Mix Hostas with Other Shade-Loving Plants
Instead of clumping your hostas together, mix in shade lovers with contrasting foliage and flowers. Here, coralbells (Heuchera), creeping Jenny (Lysimachia), and fringed bleeding heart (Dicentra) make for a pretty vignette with lots of visual interest.
Plant Hostas in Masses
Hostas are valued for their foliage, which looks great when massed. In bloom, their beauty takes on an added dimension. This pairing features the complementary flowers of astilbe.
Complement Hostas with Ferns
Maidenhair fern makes the perfect complement to this variegated hosta. The green of the fern echoes the coloring of its partner, while the delicate fronds contrast handsomely with the hosta’s thick leaves.
Create a Backdrop for Hostas with Groundcovers
Groundcovers make a nice backdrop for a special hosta. This pleasant mix of color and texture comes from creeping Jenny (Lysimachia), bugleweed (Ajuga), and sweet woodruff (Galium).
Add Contrasting Colors
With its chartreuse color, creeping Jenny (Lysimachia) really lightens the dark areas of a shade bed. Added contrast comes from coralbells (Heuchera) and Jacob’s ladder (Polemonium).
Consider Shade When Choosing Companions
In this case, the hostas are planted in back, where there’s more sun protection provided by the tree and fence. The carex, which prefers a little more light, is out front where it can get more sun.
Complement Hostas with Blooming Plants
With variegated foliage and spikes of lavender color, this hosta is beautiful. Paired with astilbe and hydrangea, however, it becomes a complement rather than a standout.
Pair Hostas with Shrubs
Although fine on their own, hostas sometimes benefit from being paired with a shrub, such as azalea. Not only does azalea shout with joy when in bloom, its size and shape offer a solid presence throughout the year.
Balance Hostas with Delicate Bloomers
The opposite of azalea’s in-your-face appeal comes from these delicately flowered brunnera and primrose. Their tiny blooms work well against a backdrop of large hosta leaves.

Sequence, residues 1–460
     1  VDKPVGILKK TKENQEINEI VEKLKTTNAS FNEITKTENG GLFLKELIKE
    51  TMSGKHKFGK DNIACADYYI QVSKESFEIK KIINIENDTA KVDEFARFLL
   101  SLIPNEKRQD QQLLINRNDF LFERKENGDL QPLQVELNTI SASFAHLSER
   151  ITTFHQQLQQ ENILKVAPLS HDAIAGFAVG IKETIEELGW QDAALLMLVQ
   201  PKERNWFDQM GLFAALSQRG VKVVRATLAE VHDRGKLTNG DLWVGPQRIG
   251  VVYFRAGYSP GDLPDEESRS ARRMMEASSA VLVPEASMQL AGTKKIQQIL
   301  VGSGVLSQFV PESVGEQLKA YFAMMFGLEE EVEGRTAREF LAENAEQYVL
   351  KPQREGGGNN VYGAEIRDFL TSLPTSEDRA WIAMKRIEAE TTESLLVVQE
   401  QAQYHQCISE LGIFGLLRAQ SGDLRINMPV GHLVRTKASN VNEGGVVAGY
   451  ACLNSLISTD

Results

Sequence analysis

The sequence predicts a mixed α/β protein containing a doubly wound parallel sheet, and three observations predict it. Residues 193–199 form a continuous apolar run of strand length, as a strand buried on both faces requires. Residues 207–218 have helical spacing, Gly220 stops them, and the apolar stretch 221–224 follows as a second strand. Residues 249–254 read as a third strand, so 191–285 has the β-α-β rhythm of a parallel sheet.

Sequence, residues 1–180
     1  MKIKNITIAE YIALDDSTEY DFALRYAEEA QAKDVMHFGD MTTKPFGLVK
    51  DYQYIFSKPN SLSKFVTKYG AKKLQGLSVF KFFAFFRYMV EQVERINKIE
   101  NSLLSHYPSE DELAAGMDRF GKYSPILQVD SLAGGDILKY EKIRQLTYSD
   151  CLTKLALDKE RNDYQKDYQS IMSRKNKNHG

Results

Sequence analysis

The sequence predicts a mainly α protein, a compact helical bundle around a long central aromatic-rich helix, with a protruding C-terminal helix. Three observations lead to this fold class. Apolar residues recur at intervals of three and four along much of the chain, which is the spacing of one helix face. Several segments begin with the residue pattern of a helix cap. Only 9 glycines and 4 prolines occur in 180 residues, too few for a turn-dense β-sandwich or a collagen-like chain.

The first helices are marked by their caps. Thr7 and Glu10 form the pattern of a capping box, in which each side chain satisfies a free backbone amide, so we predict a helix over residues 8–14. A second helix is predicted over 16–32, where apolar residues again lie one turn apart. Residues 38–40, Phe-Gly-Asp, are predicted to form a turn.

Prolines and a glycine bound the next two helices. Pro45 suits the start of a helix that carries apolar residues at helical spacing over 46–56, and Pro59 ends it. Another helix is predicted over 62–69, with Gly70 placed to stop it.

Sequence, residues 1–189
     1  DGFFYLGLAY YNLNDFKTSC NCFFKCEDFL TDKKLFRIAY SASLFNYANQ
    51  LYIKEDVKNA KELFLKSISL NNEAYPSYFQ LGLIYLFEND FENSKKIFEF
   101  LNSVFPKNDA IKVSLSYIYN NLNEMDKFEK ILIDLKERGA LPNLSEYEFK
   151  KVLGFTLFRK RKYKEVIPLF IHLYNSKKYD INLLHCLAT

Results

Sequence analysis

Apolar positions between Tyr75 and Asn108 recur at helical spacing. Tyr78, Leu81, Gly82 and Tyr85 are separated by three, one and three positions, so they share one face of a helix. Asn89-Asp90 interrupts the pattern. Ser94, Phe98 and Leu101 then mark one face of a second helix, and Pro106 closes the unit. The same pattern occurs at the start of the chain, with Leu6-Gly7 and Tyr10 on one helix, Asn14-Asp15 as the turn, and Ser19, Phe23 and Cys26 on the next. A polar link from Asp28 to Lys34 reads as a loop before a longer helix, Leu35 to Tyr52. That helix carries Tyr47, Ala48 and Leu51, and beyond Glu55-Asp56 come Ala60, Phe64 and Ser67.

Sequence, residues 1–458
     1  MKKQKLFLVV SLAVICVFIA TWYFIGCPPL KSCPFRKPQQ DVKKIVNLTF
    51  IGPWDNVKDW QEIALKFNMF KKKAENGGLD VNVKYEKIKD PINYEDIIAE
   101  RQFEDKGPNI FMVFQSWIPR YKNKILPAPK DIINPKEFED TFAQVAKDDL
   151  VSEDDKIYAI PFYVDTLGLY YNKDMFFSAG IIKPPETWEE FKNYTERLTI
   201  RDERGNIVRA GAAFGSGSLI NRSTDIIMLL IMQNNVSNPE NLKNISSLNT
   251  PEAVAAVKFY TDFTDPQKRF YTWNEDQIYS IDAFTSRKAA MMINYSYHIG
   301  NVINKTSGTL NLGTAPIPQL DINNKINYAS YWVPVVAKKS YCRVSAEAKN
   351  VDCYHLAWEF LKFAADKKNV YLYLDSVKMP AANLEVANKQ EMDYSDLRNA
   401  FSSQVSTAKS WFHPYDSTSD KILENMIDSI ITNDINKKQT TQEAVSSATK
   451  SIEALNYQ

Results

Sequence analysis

Pair Hostas with Coleus
Hosta companions don’t have to be boisterous showpieces. With a range of interesting markings, coleus can draw attention strictly with its foliage. Summer flowers are a bonus, but many gardeners snip them off so leaves become larger.
Fill in Gaps with Understory Plants
For a more appealing look, consider adding understory plants, such as this small, variegated dogwood. It will help fill the gap in height progression from short perennials to large trees.
Tame a Slope with Hostas
Got a bit of a slope that you really don’t want to mow? Consider hostas, either by themselves or with other shade-loving companions. It’s a low-care option for areas that don’t get a lot of foot traffic.
Accent a Wall with Hostas
No trees here. Still, the hostas do just fine thanks to shade provided by the wall. A climbing hydrangea gathers enough sunlight on the west side of the wall to flourish.
Partner with Bleeding Heart
Bleeding heart (Dicentra) is a fine companion that mixes well with hostas. By the time bleeding heart is done for the season, neighboring hostas are going full tilt and can make use of the extra space.
Dividing & Transplanting:
Whether you're starting a bed from scratch or dividing old stock, here's what you need to know to encourage lush-growing hostas.
1. As new growth emerges in the spring, use a shovel to remove a large clump.
2. Shake off excess soil and rinse the roots in a large tub or water-tight wheelbarrow.
3. Use a sharp knife or saw to cut small clusters of plants free from the large clump.
4. Replant clusters separately, leaving space so the plants have room to mature. Backfill with soil amended with compost.
5. Work a handful of balanced, slow-release fertilizer into the soil, then tamp firm.
Work a handful of balanced, slow-release fertilizer into the soil